The controversy can thus be distilled to this principal question: Was the Pinnas loan knowingly made by Winters in direct violation of orders of the Board of Directors? The plaintiff states it was, and thus was a "dishonest" act. Defendants and Winters contend to the contrary. As a subsidiary question, plaintiff's counsel assumed at trial an added burden to justify his cross examination of Winters: That plaintiff had to show (and would prove) that Winters knew when he granted the Pinnas loan that he was acting contrary to the Bank's best interests.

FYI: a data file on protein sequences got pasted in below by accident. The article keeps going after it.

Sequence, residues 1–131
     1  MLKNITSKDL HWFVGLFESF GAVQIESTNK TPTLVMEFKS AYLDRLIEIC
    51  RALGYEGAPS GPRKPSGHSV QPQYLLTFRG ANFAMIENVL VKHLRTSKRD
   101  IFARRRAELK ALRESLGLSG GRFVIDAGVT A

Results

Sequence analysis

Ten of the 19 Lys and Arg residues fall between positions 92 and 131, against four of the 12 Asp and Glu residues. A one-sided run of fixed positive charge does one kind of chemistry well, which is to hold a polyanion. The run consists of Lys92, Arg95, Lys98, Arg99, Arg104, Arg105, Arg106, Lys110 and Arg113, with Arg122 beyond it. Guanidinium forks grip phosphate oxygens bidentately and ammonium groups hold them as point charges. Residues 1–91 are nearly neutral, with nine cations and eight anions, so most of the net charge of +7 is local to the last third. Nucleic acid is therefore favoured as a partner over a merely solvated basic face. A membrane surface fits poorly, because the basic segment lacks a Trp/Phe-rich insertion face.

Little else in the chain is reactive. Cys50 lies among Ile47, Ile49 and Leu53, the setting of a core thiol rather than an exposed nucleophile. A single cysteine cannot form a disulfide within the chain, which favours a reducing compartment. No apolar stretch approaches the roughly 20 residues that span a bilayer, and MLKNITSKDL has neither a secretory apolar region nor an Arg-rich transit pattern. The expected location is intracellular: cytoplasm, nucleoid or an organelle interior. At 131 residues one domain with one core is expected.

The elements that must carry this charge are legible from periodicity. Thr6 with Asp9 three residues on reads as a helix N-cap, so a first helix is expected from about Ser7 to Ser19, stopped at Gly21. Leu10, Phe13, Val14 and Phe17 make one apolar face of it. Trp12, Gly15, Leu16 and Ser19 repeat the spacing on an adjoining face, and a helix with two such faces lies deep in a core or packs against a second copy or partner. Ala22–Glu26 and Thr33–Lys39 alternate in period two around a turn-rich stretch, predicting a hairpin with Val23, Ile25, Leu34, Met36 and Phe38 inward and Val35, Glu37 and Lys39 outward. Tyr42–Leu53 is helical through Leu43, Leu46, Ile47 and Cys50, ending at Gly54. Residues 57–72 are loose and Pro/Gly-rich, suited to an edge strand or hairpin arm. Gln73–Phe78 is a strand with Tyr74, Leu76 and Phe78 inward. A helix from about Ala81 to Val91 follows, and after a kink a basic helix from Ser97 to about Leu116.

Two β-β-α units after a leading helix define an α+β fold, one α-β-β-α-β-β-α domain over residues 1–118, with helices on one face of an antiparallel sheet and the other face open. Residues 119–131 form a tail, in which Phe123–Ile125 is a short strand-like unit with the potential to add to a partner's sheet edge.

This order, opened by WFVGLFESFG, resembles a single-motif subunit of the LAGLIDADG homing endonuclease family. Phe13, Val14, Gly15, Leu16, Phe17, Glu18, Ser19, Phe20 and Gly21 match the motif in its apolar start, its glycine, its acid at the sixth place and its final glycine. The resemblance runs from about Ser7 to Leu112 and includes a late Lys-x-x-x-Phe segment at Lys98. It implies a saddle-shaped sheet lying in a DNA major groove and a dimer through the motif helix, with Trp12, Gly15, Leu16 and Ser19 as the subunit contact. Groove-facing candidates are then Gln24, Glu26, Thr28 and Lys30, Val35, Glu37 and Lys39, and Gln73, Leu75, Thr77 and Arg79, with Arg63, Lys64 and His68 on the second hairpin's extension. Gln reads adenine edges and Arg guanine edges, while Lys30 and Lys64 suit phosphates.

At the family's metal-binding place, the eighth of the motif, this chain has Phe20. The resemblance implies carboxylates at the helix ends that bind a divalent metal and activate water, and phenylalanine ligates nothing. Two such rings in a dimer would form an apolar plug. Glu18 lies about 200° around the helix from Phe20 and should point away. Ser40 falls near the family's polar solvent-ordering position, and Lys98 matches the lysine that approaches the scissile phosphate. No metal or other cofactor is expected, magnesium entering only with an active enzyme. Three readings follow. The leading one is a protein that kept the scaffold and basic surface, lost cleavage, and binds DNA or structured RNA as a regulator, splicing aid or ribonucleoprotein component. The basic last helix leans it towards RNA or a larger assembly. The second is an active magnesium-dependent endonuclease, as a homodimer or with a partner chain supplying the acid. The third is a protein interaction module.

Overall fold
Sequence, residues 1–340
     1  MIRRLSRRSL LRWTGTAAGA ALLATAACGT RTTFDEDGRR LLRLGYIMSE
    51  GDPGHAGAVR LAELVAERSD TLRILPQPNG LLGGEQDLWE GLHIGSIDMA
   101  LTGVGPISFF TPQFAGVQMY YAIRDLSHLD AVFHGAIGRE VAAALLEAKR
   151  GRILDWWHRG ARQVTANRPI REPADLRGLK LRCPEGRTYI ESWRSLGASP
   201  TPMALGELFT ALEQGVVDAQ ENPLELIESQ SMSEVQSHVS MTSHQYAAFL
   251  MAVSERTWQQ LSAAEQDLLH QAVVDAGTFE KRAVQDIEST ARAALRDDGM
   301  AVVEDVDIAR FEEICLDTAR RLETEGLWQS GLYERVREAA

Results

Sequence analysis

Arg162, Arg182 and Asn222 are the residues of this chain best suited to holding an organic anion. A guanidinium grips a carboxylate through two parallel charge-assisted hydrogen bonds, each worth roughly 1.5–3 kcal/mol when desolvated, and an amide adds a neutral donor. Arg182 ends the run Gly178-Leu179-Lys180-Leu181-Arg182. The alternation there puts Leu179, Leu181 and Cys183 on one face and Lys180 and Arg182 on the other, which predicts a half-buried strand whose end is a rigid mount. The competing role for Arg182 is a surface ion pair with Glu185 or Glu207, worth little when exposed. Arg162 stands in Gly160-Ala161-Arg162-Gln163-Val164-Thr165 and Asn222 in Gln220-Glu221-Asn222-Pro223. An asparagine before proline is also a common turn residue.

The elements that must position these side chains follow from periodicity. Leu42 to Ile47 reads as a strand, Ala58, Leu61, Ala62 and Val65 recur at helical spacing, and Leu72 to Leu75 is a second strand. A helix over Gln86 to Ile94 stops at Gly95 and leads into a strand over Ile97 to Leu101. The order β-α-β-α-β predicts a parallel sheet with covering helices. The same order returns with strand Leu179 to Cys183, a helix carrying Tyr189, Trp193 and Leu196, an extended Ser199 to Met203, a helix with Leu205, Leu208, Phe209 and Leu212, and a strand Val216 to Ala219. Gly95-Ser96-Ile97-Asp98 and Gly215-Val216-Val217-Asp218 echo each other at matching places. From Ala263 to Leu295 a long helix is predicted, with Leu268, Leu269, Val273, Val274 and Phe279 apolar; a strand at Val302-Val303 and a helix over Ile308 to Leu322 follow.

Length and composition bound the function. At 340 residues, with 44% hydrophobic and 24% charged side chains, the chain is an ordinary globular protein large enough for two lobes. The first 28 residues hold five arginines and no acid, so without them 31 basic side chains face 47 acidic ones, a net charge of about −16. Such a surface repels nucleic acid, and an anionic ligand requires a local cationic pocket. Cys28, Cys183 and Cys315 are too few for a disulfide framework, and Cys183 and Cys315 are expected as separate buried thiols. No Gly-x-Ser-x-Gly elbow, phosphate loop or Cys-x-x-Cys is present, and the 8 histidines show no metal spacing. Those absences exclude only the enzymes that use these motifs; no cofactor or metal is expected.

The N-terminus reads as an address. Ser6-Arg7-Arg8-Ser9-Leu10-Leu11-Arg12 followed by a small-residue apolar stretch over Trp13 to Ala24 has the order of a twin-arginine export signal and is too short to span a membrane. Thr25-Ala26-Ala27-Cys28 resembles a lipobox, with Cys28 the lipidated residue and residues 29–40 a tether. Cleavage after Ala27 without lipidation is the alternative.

Kent testified for the Bank on the "dishonest" act issue. He stated that at a Board meeting prior to September 19, 1966, at a time he was unable to approximate, certain names were discussed as possible additions to the Board. The Board Chairman (Klepesch) proposed Pinnas. Certain unidentified directors were critical of Pinnas' financial stability, however, and his name was rejected, and in this context, according to Kent, the Board told Winters not to extend a loan to Pinnas. This injunction was not recorded in the minutes; however, Kent explained this away by indicating that the entire discussion took place during an informal session after a regular Board meeting. At the time of this meeting Pinnas had no relationship with the Bank, and the Bank's directors had no knowledge or reason leading them to believe Pinnas would ever apply to the Bank for a loan. *fn4"